This week’s episode of Arrow proved to be a true switch-up, with Oliver back on Lian Yu in “real time”, and visiting Starling City in the flashbacks. The thing is, I wish I’d had more than one episode to get used to this, because I feel like if done right it could have turned into a hell of an arc. Instead they left it as a one-shot, and therein lies just one of the problems with Arrow season three.
“The Return” was almost an even split between real time and flashbacks, and while I understand the importance of witnessing Oliver’s trip to Starling City, this really took away from far more interesting storylines – like Slade Wilson loose on Lian Yu, of course. At first I found myself rolling my eyes over Oliver and Thea’s little “camping trip”, but once it turned out that Merlyn (that crazy, crazy man) had released Slade from his A.R.G.U.S. prison on the island, I was much more interested in that than what was going on in the Starling City flashbacks. I honestly couldn’t have cared less about Oliver’s mission, though to be fair it was interesting to see glimpses of Thea’s past, the beginnings of Laurel’s relationship with Tommy, and Quentin Lance’s fights with Sara’s first “death”, with alcohol, and with Laurel over her decisions.
Speaking of Laurel and Papa Lance, while I understand the later inclusion of a real-time scene between them, I feel like we should have caught a glimpse of them (in the current timeline) earlier in the episode, as well. Even with their flashback storyline, it was a bit jarring to have just that one moment between them – especially as this was the first time we saw them since Laurel finally admitted the truth about Sara’s second (and very real, this time) death. While Papa Lance’s anger and frustration is understandable, and while the flashbacks featuring his past anger certainly added more weight to his current decision to distance himself from Laurel, it seems like a bit of a leap from him crying in her arms in last week’s episode.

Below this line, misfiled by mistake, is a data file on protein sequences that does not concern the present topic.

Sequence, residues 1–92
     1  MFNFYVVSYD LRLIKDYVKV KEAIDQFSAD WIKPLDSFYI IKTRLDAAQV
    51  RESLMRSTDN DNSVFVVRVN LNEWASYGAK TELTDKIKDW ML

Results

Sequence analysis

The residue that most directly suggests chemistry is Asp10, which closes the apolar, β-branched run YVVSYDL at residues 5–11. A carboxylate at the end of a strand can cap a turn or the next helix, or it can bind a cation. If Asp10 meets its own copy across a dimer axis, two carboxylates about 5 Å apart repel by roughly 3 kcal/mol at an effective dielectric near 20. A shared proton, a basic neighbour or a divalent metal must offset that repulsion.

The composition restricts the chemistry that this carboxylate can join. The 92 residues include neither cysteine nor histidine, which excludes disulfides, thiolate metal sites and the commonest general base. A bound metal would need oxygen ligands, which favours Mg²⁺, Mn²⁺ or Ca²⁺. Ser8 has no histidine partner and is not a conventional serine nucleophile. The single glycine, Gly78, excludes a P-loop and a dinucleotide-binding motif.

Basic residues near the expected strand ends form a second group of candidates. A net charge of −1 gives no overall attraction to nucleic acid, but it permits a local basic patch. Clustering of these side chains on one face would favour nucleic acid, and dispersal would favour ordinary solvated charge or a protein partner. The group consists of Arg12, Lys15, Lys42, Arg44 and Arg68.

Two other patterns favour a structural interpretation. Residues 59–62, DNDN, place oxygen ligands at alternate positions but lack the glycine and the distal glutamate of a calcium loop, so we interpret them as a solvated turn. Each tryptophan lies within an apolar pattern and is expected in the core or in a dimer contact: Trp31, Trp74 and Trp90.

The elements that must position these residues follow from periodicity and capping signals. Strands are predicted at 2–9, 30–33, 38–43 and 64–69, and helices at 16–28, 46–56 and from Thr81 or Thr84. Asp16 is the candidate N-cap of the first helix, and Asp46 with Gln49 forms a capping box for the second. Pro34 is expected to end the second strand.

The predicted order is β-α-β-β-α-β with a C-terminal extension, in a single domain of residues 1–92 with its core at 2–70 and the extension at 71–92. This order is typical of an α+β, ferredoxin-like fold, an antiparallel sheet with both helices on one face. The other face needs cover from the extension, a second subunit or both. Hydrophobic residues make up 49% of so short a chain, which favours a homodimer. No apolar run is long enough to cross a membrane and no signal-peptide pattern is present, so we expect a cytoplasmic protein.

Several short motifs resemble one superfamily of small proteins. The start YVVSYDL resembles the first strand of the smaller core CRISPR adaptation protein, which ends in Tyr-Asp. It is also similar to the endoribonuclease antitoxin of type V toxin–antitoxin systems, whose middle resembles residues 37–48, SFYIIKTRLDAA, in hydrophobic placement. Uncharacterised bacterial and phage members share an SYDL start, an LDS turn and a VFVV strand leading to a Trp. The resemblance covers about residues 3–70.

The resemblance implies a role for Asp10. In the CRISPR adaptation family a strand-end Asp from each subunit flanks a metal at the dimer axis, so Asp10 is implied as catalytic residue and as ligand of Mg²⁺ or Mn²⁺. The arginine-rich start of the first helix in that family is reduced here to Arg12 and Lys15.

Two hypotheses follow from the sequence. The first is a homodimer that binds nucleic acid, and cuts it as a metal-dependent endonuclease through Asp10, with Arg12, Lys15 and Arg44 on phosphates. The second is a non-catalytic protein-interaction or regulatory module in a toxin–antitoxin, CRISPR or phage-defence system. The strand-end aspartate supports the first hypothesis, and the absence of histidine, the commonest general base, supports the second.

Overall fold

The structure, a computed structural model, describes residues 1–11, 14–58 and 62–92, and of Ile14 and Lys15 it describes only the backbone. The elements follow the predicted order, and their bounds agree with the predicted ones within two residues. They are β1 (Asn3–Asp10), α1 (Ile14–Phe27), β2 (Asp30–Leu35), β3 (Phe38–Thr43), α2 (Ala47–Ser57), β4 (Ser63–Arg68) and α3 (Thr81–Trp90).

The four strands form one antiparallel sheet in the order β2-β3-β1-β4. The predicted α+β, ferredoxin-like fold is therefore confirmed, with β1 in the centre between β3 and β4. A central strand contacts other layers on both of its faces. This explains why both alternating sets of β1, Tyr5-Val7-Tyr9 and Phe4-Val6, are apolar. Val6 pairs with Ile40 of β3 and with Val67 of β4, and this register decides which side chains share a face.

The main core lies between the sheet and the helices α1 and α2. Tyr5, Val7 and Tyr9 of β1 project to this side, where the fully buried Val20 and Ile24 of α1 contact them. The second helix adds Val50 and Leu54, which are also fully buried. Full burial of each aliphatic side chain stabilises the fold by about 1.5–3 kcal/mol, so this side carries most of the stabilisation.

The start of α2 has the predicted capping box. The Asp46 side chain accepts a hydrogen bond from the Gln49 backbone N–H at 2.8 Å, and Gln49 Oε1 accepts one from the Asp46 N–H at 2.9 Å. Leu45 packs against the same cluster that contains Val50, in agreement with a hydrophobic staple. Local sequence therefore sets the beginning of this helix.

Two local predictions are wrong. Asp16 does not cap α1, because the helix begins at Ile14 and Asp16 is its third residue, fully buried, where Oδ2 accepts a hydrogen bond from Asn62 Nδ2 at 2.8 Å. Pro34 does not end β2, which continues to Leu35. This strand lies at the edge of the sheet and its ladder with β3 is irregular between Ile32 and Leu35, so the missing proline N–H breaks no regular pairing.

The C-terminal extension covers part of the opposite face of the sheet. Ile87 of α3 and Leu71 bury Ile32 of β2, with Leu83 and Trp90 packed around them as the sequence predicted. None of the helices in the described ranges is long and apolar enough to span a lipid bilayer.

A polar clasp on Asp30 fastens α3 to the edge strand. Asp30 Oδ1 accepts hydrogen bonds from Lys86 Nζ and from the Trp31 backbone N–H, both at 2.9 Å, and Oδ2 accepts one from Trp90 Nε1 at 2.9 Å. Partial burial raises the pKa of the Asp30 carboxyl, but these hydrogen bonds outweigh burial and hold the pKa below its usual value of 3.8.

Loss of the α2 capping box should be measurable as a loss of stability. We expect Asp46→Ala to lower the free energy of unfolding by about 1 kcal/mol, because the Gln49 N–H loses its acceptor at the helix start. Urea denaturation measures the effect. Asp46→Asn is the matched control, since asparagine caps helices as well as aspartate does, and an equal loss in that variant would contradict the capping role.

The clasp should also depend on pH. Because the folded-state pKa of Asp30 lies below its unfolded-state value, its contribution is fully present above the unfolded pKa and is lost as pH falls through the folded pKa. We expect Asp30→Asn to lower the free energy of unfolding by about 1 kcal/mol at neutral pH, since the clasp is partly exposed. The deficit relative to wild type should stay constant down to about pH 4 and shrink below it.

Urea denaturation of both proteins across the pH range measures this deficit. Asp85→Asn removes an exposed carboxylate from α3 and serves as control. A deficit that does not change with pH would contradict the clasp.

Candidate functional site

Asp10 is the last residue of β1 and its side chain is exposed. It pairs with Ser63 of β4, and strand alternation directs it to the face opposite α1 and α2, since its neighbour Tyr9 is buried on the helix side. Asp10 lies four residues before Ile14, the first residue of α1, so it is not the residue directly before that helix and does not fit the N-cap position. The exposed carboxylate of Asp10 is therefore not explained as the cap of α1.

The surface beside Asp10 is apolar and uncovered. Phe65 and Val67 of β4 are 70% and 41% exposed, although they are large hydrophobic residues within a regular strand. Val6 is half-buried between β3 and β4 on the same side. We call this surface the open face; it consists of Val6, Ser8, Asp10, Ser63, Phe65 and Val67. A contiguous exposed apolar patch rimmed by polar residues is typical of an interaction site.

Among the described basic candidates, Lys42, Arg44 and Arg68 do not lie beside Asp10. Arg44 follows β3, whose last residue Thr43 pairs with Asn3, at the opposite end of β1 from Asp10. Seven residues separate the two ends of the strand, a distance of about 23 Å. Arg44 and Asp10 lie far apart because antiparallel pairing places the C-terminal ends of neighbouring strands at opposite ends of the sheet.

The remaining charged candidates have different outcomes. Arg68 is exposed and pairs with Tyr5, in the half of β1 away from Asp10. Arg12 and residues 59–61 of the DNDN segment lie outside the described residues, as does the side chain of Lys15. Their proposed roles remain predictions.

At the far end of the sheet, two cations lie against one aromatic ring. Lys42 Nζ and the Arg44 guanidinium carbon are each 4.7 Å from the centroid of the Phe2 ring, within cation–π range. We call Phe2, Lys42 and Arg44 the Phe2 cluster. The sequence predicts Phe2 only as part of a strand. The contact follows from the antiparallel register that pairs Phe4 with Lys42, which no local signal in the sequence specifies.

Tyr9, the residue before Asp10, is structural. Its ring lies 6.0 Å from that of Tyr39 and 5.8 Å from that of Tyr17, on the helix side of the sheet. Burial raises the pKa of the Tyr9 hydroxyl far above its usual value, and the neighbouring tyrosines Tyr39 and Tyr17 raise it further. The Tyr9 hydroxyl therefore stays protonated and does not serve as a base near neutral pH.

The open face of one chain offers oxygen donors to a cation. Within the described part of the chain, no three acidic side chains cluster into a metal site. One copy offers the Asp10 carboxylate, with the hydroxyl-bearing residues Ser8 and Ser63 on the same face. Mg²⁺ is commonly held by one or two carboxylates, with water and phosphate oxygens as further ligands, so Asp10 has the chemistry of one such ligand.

I’m also a bit torn about the flashbacks including cameos by so many characters. Some of them absolutely made sense – Thea, Tommy, Laurel, and Quentin, especially (both for their own story lines and for Oliver’s) – but others felt like nothing more than fanservice. As I prefer the darker (and in some ways, the more “sensible”) side of Arrow, it was hard to come to grips with Diggle conveniently being a bouncer at Tommy’s party and Felicity conveniently wandering into the office while Oliver was there gathering intel.
In the end, though, to me it seemed like the truly important development in “The Return” involved Thea. She now knows about her part in Sara’s death – and she knows that Merlyn orchestrated it. I practically did a victory dance when she told Merlyn off and promised that she would never again be his daughter. As much as I appreciate Malcolm Merlyn as a character, and as much as Thea has frustrated me in the past, this particular scene has been a long time coming…and hopefully promises for some seriously interesting future interactions between Merlyn and Team Arrow.
Author: Tara Lynne
Tara Lynne is an author, fandom and geek culture expert, and public speaker. She founded Ice & Fire Con, the first ever Game of Thrones convention in the US, and now runs its parent company Saga Event Planning.
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